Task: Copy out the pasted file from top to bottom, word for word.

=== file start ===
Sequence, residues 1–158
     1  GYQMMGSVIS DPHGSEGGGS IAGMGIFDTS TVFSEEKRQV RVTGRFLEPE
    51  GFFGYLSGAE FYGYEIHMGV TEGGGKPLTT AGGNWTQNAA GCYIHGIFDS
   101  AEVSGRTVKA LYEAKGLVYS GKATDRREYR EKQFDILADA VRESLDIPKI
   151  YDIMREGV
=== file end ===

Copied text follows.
Sequence, residues 1–158
     1  GYQMMGSVIS DPHGSEGGGS IAGMGIFDTS TVFSEEKRQV RVTGRFLEPE
    51  GFFGYLSGAE FYGYEIHMGV TEGGGKPLTT AGGNWTQNAA GCYIHGIFDS
   101  AEVSGRTVKA LYEAKGLVYS GKATDRREYR EKQFDILADA VRESLDIPKI
   151  YDIMREGV